YANGON, MYANMAR – A soldier in full uniform saw the 7-year-old in her front yard soon after her parents left to tend their rice paddies in Myanmar’s restive state of Shan. She said he ordered her inside the family’s bamboo hut.
“He hit me and told me to take off my clothes,” the girl told the tightly packed courtroom in a whisper, as her alleged assailant, Maung Win Htwe, looked on, stone-faced.
“Then … he raped me.”
Rights activists in Myanmar say the army continues to use rape as a weapon of war nearly three years after President Thein Sein’s nominally civilian government ended a half-century of brutal military rule. On Tuesday, the Women’s League of Burma released a report documenting more than 100 rapes, almost all in townships plagued by stubborn ethnic insurgencies.
Nearly half of these were brutal gang rapes, several of the victims were children, and 28 of the women were killed or died later from their injuries, said Tin Tin Nyo, the league’s general secretary. She warned that there is little hope for change until the government amends Myanmar’s constitution, which gives the military the right to independently administer all of its affairs.
Ye Htut, the government’s top spokesman, did not respond to phone, email and Facebook messages seeking comment.
The report said most of the attacks occurred in border areas, particularly in the states of Shan, where the 7-year-old lives, and Kachin. Perpetrators are rarely, if ever, punished.
Though it handed over formal control of the country, the army continues to heavily influence almost all facets of government, and holds a quarter of all seats in parliament.
Few prominent officials have criticized the military over sexual violence — not even opposition leader and Nobel Peace laureate Aung San Suu Kyi, who spent more than 15 years under house arrest under the former ruling junta.
Last month, at a press conference in the main city of Yangon, Suu Kyi was asked if she was concerned about the lack of accountability when it comes to the use of rape as a weapon of war. Instead of criticizing generals, she pointed out that insurgent groups also are responsible for sexual violence.
“This has to do with rule of law. And that has to do with politics, and the position of the army as it is in a particular political structure,” she said. “I think you are well aware of the fact that military armed groups which are not official armies also engage in sexual violence in conditions of conflict.”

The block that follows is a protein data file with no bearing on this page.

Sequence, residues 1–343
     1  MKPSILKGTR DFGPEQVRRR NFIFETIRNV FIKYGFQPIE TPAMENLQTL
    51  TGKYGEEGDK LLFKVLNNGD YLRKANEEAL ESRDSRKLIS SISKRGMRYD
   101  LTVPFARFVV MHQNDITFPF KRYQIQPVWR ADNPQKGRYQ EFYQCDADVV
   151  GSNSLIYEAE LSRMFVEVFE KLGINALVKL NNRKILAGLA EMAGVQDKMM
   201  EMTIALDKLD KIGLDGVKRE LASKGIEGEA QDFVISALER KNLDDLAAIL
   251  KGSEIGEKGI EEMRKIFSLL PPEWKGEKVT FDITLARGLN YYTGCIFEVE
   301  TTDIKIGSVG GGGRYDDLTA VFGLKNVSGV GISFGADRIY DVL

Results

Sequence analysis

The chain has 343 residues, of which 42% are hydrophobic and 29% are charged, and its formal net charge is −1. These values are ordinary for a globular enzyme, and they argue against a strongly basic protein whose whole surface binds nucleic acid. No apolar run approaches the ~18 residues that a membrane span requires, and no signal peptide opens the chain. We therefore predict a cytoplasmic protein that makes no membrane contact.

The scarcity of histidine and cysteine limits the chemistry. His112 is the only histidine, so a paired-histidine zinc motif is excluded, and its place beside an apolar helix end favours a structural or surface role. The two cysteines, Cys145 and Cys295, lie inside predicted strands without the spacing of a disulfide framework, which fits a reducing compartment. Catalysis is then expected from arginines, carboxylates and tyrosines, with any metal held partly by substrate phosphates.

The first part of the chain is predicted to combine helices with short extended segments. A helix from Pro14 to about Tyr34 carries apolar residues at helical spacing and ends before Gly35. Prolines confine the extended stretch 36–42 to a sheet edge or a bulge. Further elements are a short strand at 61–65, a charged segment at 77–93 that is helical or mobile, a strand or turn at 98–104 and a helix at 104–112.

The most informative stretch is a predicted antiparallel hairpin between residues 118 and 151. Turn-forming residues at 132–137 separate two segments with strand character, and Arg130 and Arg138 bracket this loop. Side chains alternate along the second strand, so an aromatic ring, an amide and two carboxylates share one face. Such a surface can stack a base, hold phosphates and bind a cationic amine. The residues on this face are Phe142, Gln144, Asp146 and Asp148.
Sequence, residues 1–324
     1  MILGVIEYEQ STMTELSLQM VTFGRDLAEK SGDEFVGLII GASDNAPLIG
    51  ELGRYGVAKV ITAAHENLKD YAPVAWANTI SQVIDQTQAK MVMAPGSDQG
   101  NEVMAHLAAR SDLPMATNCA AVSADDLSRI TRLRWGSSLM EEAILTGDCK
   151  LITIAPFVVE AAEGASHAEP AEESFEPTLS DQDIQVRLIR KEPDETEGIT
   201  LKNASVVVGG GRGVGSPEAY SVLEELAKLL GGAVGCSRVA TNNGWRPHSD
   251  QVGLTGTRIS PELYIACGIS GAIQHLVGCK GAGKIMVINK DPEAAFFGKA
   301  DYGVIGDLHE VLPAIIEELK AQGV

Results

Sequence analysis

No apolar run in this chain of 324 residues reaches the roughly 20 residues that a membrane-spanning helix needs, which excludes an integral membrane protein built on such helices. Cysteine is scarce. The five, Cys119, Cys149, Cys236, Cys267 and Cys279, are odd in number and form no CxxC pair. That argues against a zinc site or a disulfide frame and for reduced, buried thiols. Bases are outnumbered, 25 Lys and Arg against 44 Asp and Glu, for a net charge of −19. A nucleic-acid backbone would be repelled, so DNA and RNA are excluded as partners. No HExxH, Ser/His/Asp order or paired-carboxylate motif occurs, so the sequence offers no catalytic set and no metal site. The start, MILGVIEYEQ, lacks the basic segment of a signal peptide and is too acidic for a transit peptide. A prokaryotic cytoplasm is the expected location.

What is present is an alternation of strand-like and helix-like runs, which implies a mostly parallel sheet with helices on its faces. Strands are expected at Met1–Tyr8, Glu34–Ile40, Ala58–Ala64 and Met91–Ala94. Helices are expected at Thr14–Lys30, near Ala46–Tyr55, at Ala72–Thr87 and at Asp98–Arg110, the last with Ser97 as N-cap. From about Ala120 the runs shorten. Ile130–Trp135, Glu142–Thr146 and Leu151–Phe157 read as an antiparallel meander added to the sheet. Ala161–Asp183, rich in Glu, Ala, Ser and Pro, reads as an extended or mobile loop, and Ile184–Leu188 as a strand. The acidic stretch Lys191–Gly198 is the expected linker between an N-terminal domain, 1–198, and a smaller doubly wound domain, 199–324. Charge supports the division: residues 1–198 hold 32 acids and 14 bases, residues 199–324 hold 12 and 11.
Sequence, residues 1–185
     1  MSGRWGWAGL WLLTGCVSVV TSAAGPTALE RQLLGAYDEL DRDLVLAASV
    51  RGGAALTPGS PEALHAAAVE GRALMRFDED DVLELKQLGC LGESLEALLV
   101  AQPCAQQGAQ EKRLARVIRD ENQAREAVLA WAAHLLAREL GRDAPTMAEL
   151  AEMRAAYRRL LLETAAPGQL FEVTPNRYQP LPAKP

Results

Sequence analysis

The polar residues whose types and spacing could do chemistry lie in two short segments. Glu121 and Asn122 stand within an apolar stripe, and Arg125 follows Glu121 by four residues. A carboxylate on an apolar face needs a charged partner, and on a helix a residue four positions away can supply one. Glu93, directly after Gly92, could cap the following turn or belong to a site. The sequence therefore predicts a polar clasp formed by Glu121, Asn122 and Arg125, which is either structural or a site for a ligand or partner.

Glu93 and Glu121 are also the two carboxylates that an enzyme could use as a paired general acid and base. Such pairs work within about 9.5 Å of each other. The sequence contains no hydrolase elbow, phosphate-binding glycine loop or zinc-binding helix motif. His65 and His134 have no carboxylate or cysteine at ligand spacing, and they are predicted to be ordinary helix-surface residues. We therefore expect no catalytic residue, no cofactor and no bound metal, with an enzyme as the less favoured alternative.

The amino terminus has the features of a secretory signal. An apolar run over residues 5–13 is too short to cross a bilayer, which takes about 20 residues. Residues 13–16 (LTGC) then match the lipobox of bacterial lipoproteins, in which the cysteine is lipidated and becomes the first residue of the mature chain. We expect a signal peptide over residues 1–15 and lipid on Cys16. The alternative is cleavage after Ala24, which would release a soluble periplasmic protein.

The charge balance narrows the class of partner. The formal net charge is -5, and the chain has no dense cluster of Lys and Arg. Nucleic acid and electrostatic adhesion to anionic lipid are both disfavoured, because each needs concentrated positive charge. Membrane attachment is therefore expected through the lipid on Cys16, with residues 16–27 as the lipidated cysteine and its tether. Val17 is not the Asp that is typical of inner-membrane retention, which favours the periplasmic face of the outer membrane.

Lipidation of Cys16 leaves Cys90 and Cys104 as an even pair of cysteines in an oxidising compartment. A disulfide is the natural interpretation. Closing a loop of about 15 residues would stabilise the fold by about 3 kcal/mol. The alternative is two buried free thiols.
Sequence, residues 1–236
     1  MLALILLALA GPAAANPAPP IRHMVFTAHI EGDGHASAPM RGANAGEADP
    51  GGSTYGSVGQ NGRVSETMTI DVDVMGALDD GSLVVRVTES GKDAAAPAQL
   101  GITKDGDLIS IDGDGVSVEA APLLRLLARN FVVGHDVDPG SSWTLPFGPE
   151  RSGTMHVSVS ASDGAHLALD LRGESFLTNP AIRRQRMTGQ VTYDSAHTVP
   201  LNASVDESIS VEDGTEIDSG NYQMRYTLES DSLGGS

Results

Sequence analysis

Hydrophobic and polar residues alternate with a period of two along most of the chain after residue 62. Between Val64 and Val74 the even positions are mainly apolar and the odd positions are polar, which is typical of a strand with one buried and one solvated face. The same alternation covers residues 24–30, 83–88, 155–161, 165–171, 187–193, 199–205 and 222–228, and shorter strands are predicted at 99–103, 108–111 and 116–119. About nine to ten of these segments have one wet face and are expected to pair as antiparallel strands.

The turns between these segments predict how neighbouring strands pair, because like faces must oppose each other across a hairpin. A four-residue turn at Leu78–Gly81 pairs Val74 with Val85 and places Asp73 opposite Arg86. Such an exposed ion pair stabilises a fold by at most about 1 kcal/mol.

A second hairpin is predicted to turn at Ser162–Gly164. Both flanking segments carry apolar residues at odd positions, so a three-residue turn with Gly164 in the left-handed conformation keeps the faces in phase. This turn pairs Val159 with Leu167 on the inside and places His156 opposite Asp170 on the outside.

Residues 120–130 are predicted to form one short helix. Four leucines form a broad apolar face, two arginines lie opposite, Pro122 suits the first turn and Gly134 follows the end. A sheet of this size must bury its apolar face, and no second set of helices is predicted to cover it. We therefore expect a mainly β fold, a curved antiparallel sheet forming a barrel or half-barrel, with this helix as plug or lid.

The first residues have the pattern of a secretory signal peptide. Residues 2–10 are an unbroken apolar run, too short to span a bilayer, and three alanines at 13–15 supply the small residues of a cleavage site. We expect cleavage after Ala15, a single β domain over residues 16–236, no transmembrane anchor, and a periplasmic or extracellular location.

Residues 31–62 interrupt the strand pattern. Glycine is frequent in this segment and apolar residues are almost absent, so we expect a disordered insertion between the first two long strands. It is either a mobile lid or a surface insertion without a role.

Suu Kyi wants to run for president in next year’s elections, but the army has the power to block those ambitions, and she’s showing increasing reluctance to criticize.
Tin Tin Nyo said the cases her group was able to document are “just the tip of the iceberg.” She said the information gathered for the report comes almost exclusively from victims or witnesses who dared to speak out, and that researchers were unable to reach some areas because of security concerns.
The league’s report, compiled by 12 member organizations spread across the country, said in most cases attacks were carried out by soldiers who were carrying weapons and dressed in uniform. They included officers — such as captains, commanders and majors — and at least one major general.
“These crimes are more than random, isolated acts by rogue soldiers,” the report’s authors wrote. “Their widespread and systematic nature indicates a structural pattern: Rape is still used as an instrument of war and oppression.”
The report said most cases never make it to court, and those that come before military tribunals usually result in immediate acquittals.
The alleged Nov. 11 attack on the 7-year-old is an exception. The soldier accused of raping her, Maung Win Htwe, was ordered to go to trial in a civilian court.
Lawyer Brang Di said the first witnesses appeared at Lashio District Court last week, including the girl, her parents and neighbors in a tiny Shan village near Thein Ni town.
Brang Di said authorities agreed to try Maung Win Htwe in a civilian court only after a loud public outcry. “We are trying our best to have a fair judgment,” he said.